Snake and staff history

By Patricia Kasten | The Compass | September 15, 2017

Bronze serpent in desert and Jesus’ cross on Calvary

Have you ever noticed a similarity between medical symbols and the first reading for the feast of the Exaltation of the Cross (Sept. 14, Nm 21: 4-9), the one about the bronze serpent made by Moses in the desert?

That’s because various medical personnel — including paramedics and the American Medical Association — use the snake-entwined staff to symbolize healing. The rod (or staff) of Asclepius is the ancient name for this emblem, which is sometimes (incorrectly) called a “caduceus.”

Many doctors and medical personnel — including the U.S. Army Medical Corps — use the similar (but different in meaning) double winged staff emblem — the true caduceus. (The U.S. Air Force Medical Corps uses the rod of Asclepius.) The two-snake, winged caduceus emblem is correctly called the staff of Hermes, the Greek messenger god. The two emblems get confused sometimes.

Confusion is also the case when speaking about Moses’ bronze serpent and the rod of Asclepius. The two emblems date back to about the same time in ancient history — the 13th century B.C. Around 1280 B.C., the city of Troy fell. According to Homer’s “Iliad,” Asclepius was a physician who tended the soldiers wounded on the battlefield at Troy.

Fields of Troy

By the time of Hippocrates (d. 380 B.C.), the founder of medicine as a science, Asclepius had become more than a human healer. He had been raised to divine status and was called the son of Apollo. This Asclepius was so skilled a healer that he was even said to have raised someone from the dead — for which Zeus, the king of the gods, killed him. According to the legend, Asclepius received his healing powers because the goddess Athena had been given the blood of Medusa of snake-haired fame.

Biblical experts generally agree that the Exodus took place around the 13th century B.C. The story of the Exodus also contains a story about the healing power of a snake emblem.

“The healing powers associated with the staff of Asclepius and the Israelite bronze serpent may imply a relationship between the two symbols,” said Rabbi Ari Vernon, a contributor to the “Jewish Lights” website in St. Louis. “The ancient Greeks may have borrowed from the ancient Israelites or vice versa. We both may have appropriated it from another local culture. The history, however, is secondary to the lessons that our traditions about the icon teach us.”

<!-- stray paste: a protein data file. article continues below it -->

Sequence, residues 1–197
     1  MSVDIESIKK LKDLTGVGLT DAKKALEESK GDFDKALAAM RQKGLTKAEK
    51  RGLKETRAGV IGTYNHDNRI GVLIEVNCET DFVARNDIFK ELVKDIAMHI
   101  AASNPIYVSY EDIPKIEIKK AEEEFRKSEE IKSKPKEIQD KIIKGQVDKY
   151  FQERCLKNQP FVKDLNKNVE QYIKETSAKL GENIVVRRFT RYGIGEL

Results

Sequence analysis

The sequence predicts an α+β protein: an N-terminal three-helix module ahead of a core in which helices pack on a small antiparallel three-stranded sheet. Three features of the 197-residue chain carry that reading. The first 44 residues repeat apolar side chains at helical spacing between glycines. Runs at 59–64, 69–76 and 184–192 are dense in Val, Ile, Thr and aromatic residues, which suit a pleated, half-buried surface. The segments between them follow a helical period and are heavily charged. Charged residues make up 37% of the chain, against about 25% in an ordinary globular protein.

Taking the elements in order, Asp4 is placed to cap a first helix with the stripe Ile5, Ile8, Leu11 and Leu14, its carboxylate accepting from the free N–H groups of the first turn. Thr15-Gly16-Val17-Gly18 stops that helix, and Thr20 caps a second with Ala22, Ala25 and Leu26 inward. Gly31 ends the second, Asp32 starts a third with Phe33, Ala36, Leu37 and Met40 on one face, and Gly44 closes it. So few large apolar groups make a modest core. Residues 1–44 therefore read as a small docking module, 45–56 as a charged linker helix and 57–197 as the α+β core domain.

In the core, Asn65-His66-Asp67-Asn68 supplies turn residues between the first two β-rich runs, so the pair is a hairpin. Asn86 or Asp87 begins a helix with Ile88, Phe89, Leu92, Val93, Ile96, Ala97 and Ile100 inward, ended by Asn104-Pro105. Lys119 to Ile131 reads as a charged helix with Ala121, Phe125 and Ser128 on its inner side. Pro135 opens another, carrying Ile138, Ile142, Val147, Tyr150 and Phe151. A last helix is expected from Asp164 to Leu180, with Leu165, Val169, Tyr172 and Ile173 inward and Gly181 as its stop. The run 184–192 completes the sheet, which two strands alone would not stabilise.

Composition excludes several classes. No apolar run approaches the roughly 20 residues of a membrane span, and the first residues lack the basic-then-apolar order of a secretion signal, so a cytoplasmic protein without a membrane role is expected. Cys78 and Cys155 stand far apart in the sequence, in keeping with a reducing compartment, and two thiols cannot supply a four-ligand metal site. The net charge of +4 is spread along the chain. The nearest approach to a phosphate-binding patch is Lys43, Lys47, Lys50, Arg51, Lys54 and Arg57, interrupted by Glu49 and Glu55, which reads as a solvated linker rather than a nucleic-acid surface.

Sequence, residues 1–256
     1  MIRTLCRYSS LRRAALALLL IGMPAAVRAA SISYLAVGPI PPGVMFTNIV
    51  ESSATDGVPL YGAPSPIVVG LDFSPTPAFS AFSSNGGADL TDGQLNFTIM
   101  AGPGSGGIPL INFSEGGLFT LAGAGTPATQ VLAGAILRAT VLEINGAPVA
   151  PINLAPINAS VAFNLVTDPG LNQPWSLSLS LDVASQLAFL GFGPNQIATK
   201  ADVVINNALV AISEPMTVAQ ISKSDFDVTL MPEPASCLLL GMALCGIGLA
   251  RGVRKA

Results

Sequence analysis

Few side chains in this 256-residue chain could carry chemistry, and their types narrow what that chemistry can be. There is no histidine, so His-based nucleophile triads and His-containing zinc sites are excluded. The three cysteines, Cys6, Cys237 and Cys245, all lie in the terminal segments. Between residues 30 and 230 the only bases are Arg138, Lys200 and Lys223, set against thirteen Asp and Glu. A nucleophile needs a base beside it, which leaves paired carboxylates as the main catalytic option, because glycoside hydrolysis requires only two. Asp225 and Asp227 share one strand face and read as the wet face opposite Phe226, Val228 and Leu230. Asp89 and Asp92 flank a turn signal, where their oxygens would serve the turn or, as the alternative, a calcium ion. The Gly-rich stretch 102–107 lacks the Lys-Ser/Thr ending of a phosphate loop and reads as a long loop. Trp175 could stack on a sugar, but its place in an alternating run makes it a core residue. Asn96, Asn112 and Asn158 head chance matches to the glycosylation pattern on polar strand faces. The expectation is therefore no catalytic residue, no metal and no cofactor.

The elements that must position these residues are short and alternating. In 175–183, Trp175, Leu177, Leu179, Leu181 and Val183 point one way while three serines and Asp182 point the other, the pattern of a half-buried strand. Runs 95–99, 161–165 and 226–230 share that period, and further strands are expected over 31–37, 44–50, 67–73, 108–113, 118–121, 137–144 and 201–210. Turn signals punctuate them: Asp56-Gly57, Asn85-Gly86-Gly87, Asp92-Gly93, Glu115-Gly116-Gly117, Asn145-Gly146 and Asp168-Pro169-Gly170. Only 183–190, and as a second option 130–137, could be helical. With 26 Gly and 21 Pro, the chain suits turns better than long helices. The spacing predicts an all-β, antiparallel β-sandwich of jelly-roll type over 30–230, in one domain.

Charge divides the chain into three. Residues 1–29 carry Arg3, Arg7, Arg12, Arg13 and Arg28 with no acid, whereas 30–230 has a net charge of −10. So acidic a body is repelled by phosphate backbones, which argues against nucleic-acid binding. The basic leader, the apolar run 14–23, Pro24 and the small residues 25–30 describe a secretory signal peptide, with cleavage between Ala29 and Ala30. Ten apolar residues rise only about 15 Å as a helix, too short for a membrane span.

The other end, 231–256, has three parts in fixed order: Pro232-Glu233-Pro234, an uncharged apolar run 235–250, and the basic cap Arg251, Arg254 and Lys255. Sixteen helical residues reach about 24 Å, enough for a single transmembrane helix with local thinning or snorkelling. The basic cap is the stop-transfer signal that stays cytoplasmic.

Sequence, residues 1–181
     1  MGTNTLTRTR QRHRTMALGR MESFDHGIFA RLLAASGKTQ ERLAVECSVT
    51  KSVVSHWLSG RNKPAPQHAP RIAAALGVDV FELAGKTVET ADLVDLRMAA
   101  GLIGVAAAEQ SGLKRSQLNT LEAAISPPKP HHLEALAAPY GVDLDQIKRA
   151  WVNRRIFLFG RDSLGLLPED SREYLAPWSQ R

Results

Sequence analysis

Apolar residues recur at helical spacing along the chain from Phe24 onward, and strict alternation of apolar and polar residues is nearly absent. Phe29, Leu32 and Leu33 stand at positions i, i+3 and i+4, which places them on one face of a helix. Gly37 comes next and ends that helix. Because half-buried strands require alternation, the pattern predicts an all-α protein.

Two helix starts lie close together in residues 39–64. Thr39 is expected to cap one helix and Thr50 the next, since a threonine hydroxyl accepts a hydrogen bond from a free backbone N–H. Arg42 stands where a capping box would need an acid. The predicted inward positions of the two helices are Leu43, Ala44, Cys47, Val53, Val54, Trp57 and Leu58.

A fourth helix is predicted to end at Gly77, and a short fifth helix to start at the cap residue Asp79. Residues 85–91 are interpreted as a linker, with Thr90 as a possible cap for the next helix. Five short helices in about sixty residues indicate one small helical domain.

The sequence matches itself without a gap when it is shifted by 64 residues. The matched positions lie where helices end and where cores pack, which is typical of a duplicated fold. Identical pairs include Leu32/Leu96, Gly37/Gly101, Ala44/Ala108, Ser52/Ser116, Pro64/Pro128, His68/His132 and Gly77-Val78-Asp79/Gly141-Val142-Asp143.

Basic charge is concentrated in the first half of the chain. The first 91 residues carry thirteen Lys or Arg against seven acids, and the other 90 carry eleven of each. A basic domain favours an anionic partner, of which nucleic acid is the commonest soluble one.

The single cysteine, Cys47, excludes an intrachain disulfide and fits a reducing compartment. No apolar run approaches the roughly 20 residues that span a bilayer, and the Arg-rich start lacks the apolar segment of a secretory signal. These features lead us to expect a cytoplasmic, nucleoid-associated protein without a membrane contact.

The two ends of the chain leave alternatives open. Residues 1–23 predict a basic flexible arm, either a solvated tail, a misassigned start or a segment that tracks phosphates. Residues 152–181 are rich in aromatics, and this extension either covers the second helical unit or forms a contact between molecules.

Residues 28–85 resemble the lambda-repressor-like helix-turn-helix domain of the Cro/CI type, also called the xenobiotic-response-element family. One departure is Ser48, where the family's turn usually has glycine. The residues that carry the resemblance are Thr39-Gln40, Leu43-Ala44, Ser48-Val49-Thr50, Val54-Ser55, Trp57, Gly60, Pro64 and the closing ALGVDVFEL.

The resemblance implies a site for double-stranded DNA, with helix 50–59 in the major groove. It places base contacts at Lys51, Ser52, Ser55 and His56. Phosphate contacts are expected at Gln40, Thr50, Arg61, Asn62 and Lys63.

In Jewish and Christian faith teachings, the bronze serpent of Moses came about because of the people’s rebellion against God. The Israelites had again grown tired of their journey in the desert and complained against God and Moses, this time about the manna. Angered, God sent seraph (meaning “fiery”) serpents among the people and many died. Repentance quickly followed and the people begged to be saved.

Moses — at the command of God — then fashioned a bronze serpent and raised it on a rod so that anyone who had been bitten by a serpent could look on the bronze serpent and be saved.

Cross of Christ

For Christians, the lesson of the bronze serpent culminates in the cross of Jesus Christ. In the Gospel of John, Jesus tells Nicodemus that, “just as Moses lifted up the serpent in the desert, so must the Son of Man be lifted up, so that everyone who believes in him may have eternal life” (3:14).

Now, despite the healing power of the bronze serpent, the serpent itself was not a good symbol in Jewish history. Genesis tells us that it was the serpent who tricked Adam and Eve. As Pope Francis noted, when speaking about the same readings on March 14, 2016, the serpent was a “symbol of sin, the serpent that kills.” However, the pope added, speaking of Jesus’ words to Nicodemus, it is also “the serpent that saves: this is the mystery of Christ.” Just as the bronze serpent revealed God’s healing, so did the cross — a symbol of death and oppression — reveal salvation.

Mary Healy, who teaches Scripture at Sacred Heart Major Seminary in Detroit, also notes the connection between that which kills and that which heals. In speaking of the bronze serpent, she notes, “The story also portrays the profound connection between sin and its consequences. The mysterious fiery serpents (nechashim sepharim) who bite the rebellious Israelites recall the primordial deception by the serpent (nachash) in Gen 3:1-6. The people have succumbed to the perennial temptation that originated with the serpent in the Garden of Eden — the temptation to distrust and disobey God — and they thus experience the serpent’s own bitter toxin: death.

“More surprisingly,” Healy added, “the method of cure devised by God is also symbolically linked to the sin. That which heals is shaped like that which caused the wound.”

Snakes remain

Interestingly, in the account in the Book of Numbers, God does not take away the deadly serpents. Instead, the serpents seem to remain. It is only when someone who is bitten by a snake looks upon the bronze serpent that he or she is saved. In the same way, God did not save Jesus from the cross — even though Jesus asked, if it were possible, to be spared. Instead, the evil of suffering and death remained, but through them God allowed Jesus to be raised up on the cross so he could also be raised up to eternal glory.

Pope Francis noted this paradox and said that this is why “if we want to know the love of God, we look at the crucifix.”

The lesson of the serpent rod of Moses blossoms into the promise that is the cross of Christ. The cross, in and of itself, was a symbol of the oppressive and deadly power of the Roman Empire. However, through God’s mercy, the cross also became the tree of life so that all who look upon it may be saved by God through Christ.


Sources: The “Catholic Encyclopedia;;;;;;;; and


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